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Fishing opener: Transformation of Red Lake is amazing success story

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RED LAKE — It wasn’t that long ago that Red Lake was the poster child of the negative impacts of overfishing.

In the mid 1990s the walleye populations of both Upper and Lower Red Lake crashed to the point where Tribal and Minnesota fisheries officials had to implement a total ban on any walleye fishing.

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The hope at that time was that a 10-year moratorium on any walleye harvest, plus an aggressive stocking program would, in time, restore the walleye population in the Red Lake system.

Because of the cooperative effort of the Tribe and the State, Red Lake’s walleye fishery made positive strides from the outset and seven years after the stocking phase of the operation began walleyes were prospering on Upper and Lower Red Lake and the system was open to walleye fishing.

“It’s an amazing story,” said Bemidji Area DNR Fisheries Large Lake Specialist Tony Kennedy. “It took four or five years for the stocked fish to mature and once that occurred a self-sustaining spawning stock was established and Red Lake had recovered.

“In 2011 Red Lake produced the strongest year class of walleyes that we had ever seen so the future of the fishery is bright,” Kennedy continued. “There also is a strong 2009 year class of fish that is about 17 inches and those fish are driving the strong catch rates that we are seeing now.”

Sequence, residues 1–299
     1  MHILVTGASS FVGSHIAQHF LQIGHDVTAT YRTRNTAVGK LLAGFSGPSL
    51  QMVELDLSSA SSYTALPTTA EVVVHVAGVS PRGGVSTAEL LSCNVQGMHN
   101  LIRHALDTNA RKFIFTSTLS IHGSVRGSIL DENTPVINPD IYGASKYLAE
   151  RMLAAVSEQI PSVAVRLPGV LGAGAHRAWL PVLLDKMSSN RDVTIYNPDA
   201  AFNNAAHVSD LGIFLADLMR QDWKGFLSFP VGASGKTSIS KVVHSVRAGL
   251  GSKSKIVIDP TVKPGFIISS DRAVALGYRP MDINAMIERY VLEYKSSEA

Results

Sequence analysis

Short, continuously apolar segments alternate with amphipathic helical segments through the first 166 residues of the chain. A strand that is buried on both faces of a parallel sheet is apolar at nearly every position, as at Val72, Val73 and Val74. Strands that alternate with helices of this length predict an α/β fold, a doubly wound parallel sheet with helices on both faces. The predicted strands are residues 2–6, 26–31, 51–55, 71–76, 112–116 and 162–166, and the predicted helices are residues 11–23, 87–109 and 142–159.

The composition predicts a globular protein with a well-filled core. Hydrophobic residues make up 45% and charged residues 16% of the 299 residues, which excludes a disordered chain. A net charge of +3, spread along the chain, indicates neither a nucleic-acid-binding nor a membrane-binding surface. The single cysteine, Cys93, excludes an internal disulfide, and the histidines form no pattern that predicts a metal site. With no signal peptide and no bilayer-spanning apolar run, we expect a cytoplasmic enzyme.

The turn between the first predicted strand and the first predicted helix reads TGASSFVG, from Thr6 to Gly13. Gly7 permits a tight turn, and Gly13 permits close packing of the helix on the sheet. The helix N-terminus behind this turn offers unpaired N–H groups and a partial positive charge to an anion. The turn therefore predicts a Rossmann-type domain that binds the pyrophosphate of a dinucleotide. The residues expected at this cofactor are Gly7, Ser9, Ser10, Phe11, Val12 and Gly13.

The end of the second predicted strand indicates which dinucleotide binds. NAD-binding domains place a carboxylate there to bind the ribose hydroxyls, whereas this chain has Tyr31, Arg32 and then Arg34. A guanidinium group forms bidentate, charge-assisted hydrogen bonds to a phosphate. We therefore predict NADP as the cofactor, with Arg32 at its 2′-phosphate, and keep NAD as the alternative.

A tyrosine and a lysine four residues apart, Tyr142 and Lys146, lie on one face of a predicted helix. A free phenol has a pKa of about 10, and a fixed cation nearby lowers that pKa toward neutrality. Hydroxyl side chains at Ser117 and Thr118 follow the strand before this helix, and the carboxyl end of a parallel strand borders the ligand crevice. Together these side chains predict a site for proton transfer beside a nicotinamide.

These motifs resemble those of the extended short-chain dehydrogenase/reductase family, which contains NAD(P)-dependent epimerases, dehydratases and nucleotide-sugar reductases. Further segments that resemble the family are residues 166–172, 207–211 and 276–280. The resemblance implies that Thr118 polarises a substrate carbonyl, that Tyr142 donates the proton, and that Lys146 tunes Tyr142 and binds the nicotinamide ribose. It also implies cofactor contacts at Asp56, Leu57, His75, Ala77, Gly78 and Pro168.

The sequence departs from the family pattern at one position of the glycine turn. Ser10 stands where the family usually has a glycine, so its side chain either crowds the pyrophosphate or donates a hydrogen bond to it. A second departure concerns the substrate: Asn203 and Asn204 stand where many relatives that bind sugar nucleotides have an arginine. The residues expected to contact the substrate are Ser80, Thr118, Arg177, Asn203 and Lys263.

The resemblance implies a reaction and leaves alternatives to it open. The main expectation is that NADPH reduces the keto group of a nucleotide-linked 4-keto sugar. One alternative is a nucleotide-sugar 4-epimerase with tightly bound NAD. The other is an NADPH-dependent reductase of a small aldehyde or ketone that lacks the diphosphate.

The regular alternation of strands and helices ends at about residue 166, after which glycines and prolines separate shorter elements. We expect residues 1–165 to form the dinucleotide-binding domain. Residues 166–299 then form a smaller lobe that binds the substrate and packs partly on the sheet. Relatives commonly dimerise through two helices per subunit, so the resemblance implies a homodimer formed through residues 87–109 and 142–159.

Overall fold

Few lakes in Minnesota are scrutinized as thoroughly as Red Lake and last year’s gillnet study was 48.6 per net, just off the record set in 2012. Walleyes from 11 different age classes ranging from 1 year to 14 years were sampled and approximately two-thirds of the walleyes ranged from 2 years old to 4 years of age (the 2009 and 2011 year classes).

More than a third of the fish measured between 14 and 17 inches and were a perfect size for the frying pan.

On opening day Red Lake will be governed by a special regulation that protects walleyes between 17 and 26 inches. On June 14 the protected slot will be reduced to fish between 20 and 26 inches.

During the past winter Red Lake anglers set a record in terms of pounds harvested, according to results of the creel survey.

“Fishermen kept 119,00 pounds of walleyes during the winter of 2013-14 and that was 25,000 pounds more than the previous winter,” Kennedy said, adding that the increase was by design.

“On Red Lake we have an annual target harvest range and in 2011 and 2012 we didn’t reach that harvest because fishing pressure declined. In the winter of 2013 and 2014 we relaxed the slot to fish between 20 and 26 inches and angler trips and angler harvest went up.”

DNR officials will continue to monitor every aspect of Red Lake and if there are any indications that the walleye fishery is changing, the necessary adjustments will be made.

“We manage Red Lake with a short leash,” Kennedy said. “We can adjust the harvest as necessary by changing the slot limit and we will know if that is something that should be done by our creel surveys and sharing our data with the Band.”